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Rachel Welch

04 October 2022 195 Read Bitcoin


The Future of Bitcoin

The Bitcoin blockchain was created to help individuals reclaim their financial freedom, privacy, and security. As a result, many investors don't want the cryptocurrency market to collapse. After all, it has the potential to make ordinary people wealthy and democratize currency markets. Ultimately, everyone strives for a certain level of financial freedom, and Bitcoin offers that freedom for everyone. Historically, banks and governments have exercised tight control over these financial factors.

Elon Musk's statement about accepting Bitcoin

Elon Musk has reportedly tweeted about accepting Bitcoin for payments at Tesla. The company had been accepting the digital currency in the United States and was looking into expanding that service to other countries. However, in late May, Musk reneged on his pledge to accept Bitcoin, citing climate change as the main reason.

The statement came on the same day that former President Donald Trump called Bitcoin "a scam." As a result, the cryptocurrency sold off - Bitcoin fell below $30,000, and Ethereum and dogecoin plunged a combined 12.6 percent to $0.324 - in one day. Elon Musk is a major proponent of cryptocurrencies and has several different coins in his portfolio. He is the owner of Tesla and SpaceX bitcoins, as well as ether and dogecoin.

Cryptocurrency's volatility

Although Bitcoin is a relatively new asset class, it is considered to be more volatile than traditional stocks. This volatility may become less of an issue in the future as higher trading volumes increase. But it is important to keep in mind that the volatility of cryptocurrencies may converge with the volatility of energy over time.

The volatility of the crypto market has persisted since late last year. As a result, the total market capitalization of the digital asset industry has declined by over 65% since November 2021. However, the volatility in cryptocurrencies can still be beneficial for investors. Even 10% daily swings can make trading profitable.


Regulation of Bitcoin and other crypto-currencies is a complex issue. The nature of these digital assets makes them unique and uncharted territory for governments, financial regulators, and other institutions. Because they have no central issuing authority, they are agile in performing operations, and they are issued in units of value in a mathematical form. These features have made them popular and widely used, but they are still unregulated, causing many to question the regulatory status of these assets.

To establish the legality of Bitcoin and other digital currencies, governments, financial regulators, and law enforcement agencies must come together to agree on regulations. Those who oppose regulation view it as a bureaucratic mechanism that hampers development of digital currencies. But it is crucial to understand that regulations aim to foster mutual trust among parties by providing third-party guaranties. The Bitcoin system, by contrast, does not require a third-party guarantor.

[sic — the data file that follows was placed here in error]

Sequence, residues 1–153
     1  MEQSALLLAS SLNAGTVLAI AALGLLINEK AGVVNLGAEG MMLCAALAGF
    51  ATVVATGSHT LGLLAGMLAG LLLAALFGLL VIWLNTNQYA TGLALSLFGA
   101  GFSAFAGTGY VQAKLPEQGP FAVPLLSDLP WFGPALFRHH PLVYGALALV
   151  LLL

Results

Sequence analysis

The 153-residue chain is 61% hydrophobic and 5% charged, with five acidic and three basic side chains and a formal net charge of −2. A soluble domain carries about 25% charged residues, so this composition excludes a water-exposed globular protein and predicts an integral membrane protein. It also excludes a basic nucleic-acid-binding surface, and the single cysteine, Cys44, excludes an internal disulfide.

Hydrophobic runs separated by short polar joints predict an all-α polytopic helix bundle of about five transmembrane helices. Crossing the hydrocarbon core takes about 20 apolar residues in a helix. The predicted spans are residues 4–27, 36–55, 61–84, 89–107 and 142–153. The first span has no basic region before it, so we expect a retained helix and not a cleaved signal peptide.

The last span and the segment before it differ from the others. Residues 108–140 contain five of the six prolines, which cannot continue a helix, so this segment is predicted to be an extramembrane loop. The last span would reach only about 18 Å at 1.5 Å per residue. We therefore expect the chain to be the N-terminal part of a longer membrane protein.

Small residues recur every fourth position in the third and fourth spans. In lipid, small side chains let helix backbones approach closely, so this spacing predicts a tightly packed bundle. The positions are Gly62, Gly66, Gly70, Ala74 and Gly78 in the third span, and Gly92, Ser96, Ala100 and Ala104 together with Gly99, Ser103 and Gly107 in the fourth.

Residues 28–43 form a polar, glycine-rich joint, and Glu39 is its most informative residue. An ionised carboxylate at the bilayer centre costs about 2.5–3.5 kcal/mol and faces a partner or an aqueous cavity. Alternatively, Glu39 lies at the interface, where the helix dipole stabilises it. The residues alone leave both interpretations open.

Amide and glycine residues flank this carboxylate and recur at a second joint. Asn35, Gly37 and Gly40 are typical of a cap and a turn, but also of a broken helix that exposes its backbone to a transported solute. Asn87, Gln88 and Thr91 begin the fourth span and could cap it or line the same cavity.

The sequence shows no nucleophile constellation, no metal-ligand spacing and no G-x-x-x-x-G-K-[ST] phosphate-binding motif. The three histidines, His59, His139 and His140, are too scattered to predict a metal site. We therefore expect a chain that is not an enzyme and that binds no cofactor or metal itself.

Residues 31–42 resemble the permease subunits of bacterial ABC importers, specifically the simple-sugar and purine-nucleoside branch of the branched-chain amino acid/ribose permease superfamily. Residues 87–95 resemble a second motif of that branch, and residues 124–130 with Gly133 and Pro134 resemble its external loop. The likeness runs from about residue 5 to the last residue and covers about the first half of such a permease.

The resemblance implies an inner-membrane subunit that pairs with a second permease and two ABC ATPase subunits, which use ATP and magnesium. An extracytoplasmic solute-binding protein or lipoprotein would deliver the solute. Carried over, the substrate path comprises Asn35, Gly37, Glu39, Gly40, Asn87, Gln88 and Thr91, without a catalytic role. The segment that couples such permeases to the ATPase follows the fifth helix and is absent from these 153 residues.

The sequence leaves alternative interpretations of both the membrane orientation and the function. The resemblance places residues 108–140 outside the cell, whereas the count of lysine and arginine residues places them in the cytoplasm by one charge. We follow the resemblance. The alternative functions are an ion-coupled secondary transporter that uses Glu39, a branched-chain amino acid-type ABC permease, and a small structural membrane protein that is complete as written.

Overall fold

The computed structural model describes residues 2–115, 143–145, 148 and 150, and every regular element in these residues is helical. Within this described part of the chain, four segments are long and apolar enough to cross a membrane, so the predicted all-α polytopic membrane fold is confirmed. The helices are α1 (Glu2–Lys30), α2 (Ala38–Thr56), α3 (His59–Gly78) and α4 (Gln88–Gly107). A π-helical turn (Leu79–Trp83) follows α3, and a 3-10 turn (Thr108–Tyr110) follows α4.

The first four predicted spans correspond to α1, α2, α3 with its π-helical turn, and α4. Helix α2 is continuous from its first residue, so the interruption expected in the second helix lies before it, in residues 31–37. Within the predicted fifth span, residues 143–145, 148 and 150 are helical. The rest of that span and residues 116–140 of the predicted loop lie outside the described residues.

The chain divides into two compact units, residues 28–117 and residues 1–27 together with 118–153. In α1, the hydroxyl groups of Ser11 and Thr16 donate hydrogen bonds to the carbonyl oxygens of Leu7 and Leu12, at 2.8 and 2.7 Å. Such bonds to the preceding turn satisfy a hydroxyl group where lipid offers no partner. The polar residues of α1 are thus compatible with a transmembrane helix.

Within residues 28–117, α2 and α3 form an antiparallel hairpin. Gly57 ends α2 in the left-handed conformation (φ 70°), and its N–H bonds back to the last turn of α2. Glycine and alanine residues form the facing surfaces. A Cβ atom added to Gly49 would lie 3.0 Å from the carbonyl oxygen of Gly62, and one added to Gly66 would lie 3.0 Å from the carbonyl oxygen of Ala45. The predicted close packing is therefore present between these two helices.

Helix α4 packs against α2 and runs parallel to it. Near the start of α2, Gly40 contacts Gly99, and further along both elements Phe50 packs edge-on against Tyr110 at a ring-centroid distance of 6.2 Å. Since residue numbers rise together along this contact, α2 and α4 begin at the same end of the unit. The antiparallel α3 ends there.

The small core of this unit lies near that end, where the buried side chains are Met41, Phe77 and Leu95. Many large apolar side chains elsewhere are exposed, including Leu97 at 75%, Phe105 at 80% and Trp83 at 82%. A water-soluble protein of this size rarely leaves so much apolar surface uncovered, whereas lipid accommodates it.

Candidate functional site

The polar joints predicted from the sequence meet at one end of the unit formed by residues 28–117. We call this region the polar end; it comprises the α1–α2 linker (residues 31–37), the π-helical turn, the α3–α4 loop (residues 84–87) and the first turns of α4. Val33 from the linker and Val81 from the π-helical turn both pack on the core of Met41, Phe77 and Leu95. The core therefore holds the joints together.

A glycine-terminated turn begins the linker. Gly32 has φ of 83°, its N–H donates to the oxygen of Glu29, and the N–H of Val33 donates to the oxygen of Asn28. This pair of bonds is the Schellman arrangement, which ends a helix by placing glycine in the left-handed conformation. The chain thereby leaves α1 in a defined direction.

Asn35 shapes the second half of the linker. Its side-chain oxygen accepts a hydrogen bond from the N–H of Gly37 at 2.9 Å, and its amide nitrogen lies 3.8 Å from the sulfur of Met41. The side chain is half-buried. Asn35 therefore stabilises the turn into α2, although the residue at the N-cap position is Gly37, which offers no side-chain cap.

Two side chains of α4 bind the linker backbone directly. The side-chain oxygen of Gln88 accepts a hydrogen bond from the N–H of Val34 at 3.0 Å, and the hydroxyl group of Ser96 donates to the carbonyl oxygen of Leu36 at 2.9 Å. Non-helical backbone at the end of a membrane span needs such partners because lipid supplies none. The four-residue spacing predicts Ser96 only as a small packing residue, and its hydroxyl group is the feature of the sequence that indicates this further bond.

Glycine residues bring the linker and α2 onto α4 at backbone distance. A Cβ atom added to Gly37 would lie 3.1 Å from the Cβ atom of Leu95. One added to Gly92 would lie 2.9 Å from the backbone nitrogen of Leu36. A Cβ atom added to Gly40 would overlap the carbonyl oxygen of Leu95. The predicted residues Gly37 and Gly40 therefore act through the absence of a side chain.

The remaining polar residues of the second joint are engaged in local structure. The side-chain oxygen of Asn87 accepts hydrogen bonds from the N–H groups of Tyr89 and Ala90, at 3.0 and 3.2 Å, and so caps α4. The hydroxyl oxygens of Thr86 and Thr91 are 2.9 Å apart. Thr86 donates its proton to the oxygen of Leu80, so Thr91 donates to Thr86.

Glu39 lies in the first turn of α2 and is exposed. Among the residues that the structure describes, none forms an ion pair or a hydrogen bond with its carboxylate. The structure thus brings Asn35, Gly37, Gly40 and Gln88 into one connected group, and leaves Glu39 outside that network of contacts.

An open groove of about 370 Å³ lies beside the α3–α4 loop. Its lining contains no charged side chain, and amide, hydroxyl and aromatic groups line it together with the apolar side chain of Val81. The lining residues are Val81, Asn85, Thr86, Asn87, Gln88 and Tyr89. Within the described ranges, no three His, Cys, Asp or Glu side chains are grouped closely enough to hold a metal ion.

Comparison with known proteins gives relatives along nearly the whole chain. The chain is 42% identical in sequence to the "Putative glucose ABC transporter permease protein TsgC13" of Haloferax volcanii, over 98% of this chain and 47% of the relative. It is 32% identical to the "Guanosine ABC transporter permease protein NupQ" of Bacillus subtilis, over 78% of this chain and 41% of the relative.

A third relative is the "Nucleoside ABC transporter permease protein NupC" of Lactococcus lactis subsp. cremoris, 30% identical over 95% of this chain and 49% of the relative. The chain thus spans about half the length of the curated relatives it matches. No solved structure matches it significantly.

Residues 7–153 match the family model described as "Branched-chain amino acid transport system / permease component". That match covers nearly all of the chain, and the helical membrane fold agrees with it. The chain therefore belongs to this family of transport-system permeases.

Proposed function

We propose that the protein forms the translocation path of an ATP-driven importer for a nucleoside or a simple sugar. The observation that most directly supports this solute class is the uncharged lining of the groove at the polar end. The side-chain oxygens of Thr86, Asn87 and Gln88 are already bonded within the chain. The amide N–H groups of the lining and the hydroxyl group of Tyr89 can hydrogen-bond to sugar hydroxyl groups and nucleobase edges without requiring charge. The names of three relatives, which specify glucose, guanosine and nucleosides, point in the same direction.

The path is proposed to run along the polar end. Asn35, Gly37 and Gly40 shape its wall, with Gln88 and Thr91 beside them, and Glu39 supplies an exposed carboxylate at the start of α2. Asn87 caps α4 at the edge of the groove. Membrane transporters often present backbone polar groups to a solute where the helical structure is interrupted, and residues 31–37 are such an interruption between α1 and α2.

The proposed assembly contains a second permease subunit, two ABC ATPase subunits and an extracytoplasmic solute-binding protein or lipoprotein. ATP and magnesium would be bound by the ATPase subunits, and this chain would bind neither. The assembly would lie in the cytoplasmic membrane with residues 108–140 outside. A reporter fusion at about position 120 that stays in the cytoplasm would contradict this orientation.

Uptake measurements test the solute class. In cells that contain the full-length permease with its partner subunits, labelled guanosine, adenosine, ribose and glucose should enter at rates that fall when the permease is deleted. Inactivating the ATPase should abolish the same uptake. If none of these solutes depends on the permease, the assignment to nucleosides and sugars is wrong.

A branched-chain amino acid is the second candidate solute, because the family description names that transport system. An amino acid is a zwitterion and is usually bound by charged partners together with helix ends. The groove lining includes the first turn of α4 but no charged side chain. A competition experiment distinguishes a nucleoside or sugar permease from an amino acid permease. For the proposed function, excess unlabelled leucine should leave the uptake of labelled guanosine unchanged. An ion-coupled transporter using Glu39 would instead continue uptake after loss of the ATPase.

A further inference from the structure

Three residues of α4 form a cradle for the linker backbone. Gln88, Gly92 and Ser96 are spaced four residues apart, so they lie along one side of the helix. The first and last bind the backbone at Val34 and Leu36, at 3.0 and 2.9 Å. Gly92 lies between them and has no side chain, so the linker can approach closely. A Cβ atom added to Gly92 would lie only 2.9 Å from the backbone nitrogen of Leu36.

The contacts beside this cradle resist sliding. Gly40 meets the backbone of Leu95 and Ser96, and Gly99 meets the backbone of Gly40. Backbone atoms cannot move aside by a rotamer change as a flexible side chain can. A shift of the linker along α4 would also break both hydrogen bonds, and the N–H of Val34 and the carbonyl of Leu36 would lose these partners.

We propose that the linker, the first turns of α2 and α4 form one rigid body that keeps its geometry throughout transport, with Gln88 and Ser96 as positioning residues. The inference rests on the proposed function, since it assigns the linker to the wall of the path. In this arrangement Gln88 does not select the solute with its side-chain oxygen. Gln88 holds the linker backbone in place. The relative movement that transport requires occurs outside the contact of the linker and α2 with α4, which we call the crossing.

Price stability

The price stability of Bitcoin has been in question following the hack of Mt. Gox, a cryptocurrency exchange in Japan. The hack led to the loss of around 850,000 Bitcoins. The trustee of the exchange has announced plans to make the repayments. The plan is expected to be completed in 2021 and it is anticipated that it will push the selling price of Bitcoin even higher.

Bitcoin's price has remained relatively stable since the start of the year. However, the price of the digital currency has dropped from around $67,000 to $46,000 in December. The price fell again on Wednesday and went down by around five percent in a matter of hours. The price then fell through the $42,000 mark.

Legal tender status

A few years ago, El Salvador became the first country to recognize Bitcoin as legal tender. It has since experienced a roller-coaster price cycle, reaching highs of $69,000 in November and a low of $40,000. This recent adoption of cryptocurrency by El Salvador has raised concerns about its legitimacy, as many speculate that the country's investment in Bitcoin may be driving the country to bankruptcy.

The IMF and other governments have come out in favor of recognizing Bitcoin as legal tender, but there are many issues surrounding its adoption. For instance, there are legal, financial, and macroeconomic concerns related to the issuance and use of cryptocurrencies.